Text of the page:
‘Santa Claus’ fireball over Europe was from Russia
27 Dec, 2011 16:16
A mysterious flying object which confused Europe on Christmas Eve turned out to be a piece of a Russian rocket. The explanation came in time: the bunch of “shooting stars” has already made people wonder whether it was an alien spaceship.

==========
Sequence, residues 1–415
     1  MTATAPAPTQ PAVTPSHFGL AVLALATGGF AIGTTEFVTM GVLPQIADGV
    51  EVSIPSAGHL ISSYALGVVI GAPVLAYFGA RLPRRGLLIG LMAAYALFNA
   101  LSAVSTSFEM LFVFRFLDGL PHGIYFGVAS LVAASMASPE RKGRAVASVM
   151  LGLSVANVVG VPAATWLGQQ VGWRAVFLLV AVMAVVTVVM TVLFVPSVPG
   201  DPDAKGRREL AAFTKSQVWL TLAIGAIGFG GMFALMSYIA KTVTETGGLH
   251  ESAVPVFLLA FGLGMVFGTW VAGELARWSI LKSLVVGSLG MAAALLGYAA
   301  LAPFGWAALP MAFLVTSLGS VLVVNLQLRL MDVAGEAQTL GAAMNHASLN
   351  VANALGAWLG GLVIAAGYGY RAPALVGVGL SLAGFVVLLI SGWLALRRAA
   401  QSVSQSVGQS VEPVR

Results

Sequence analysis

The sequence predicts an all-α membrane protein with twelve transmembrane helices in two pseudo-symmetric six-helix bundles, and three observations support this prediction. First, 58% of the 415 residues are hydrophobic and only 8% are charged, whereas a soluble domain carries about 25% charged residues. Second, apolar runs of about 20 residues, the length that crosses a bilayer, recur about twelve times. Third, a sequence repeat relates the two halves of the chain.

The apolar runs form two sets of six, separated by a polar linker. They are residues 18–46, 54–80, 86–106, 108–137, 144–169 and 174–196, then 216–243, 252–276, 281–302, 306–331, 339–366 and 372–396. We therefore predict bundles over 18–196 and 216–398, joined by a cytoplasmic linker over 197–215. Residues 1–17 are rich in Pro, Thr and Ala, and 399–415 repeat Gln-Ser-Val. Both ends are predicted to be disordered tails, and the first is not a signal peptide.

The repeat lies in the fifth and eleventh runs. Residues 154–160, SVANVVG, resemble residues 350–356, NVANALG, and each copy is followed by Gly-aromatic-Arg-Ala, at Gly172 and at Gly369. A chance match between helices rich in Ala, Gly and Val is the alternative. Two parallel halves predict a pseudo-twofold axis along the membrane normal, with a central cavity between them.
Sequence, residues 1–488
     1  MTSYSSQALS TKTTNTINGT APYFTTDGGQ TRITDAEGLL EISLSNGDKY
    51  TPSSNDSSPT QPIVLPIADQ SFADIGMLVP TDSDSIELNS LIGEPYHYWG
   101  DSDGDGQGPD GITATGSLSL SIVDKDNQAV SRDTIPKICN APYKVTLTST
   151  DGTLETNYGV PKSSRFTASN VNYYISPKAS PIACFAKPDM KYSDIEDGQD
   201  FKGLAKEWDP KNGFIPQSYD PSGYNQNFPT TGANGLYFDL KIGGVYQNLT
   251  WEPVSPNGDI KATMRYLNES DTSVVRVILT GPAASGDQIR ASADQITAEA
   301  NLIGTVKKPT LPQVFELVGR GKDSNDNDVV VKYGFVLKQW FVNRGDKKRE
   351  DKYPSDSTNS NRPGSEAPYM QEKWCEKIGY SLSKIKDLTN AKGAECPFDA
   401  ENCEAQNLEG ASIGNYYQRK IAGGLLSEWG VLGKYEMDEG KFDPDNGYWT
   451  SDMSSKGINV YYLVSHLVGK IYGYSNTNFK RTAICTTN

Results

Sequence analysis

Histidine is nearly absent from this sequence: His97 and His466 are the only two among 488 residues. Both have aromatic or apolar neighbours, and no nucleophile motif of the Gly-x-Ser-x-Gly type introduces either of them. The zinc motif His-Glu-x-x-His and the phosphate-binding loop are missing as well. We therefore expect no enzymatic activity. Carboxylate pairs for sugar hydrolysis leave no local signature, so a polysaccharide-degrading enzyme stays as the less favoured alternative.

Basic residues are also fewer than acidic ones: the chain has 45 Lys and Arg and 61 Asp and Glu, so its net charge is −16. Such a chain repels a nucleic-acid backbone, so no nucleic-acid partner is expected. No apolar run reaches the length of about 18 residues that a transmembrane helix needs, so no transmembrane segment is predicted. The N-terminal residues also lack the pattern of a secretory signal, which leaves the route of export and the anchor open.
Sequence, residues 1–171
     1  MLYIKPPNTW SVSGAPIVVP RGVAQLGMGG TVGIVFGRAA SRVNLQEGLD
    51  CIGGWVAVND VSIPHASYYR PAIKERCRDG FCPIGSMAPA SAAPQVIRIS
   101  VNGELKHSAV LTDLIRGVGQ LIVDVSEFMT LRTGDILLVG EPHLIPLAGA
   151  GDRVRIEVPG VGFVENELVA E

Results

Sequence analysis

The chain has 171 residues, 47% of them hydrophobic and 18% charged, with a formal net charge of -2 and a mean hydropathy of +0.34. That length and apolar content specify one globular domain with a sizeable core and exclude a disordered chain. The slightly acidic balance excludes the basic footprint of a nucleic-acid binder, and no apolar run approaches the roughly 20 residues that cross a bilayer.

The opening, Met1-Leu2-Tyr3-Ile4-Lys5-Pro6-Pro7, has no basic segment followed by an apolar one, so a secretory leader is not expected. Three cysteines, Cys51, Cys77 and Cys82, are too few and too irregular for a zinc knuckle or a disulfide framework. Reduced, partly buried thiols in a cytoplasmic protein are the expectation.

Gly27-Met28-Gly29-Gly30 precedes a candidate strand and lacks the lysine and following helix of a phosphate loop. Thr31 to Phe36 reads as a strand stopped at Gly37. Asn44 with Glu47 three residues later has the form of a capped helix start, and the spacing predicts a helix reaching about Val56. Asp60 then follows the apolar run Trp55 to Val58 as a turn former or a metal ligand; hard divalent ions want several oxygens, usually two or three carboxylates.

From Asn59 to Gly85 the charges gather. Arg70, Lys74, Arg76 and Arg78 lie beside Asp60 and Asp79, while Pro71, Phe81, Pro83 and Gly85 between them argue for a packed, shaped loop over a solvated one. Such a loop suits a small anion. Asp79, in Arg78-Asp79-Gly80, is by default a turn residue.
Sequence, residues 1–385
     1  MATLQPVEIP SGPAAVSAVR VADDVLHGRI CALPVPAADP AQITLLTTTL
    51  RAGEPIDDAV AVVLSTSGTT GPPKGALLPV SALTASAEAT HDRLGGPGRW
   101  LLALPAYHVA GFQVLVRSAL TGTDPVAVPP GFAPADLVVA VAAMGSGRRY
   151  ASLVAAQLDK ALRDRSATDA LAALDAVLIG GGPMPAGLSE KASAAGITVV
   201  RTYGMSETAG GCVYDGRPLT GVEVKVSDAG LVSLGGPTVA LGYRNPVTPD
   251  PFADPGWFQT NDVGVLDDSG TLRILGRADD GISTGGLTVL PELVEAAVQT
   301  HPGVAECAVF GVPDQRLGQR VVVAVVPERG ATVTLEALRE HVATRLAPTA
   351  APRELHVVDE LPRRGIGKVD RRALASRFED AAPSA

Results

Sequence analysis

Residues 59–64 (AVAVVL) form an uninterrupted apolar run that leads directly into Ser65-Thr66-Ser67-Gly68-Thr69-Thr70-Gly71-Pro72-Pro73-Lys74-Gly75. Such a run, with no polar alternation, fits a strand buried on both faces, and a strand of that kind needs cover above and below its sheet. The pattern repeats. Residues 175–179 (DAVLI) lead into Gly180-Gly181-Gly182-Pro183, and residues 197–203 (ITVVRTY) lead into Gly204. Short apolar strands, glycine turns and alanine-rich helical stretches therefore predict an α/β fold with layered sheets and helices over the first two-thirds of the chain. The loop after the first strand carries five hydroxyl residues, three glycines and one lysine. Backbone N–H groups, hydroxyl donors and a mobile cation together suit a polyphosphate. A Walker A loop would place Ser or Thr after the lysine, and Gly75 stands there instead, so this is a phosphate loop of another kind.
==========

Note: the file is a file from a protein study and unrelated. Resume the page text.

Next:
Amateur videos of “the star of Bethlehem” on the internet inspired a huge variety of jokes. “Yuri Gagarin is coming home,” one user wrote on YouTube. “We saw the light spectacle on the way home from church. Our daughter thought it was Santa Claus' sleigh with a moose,” a man from Germany told Antenne Thueringen radio station.“It looked like a very, very slow meteor fragmented in several pieces,” Arnold Tukkers from the town of Denekamp described in his blog. Astronomers soon explained the phenomenon, disproving all the fantastic theories. Andreas Schutz of the German Aerospace Centre told MailOnline that was space junk from the Russian Soyuz rocket.The Royal Observatory of Belgium confirmed: “The fireball observed above Belgium, the Netherlands, France and Germany on December 24 around 5:30pm, was the re-entry of the third stage of the Soyuz rocket that transported the Dutch astronaut to the ISS.”The rocket, which carried Oleg Kononenko of Russia, Andre Kuipers of the Netherlands and Don Pettit of the United States to the International Space Station, lifted off on Wednesday from Kazakhstan's Baikonur Space Center.Just a few days before, another space mystery with Russian flavor made people wonder. A 6-kilogram metal “Teletubby head” fell from the sky near a village in Namibia. Some Russian specialists believe the sphere is part of the third stage of the “Soyuz-U” rocket launched on October 30.Another “Russian UFO” has confused foreign media this month. After thousands of people protested against parliamentary election fraud in Moscow on December 10, several newspapers published articles about a strange object spying on protesters. Ironically all the Muscovites knew it was just a drone camera taking aerial photos.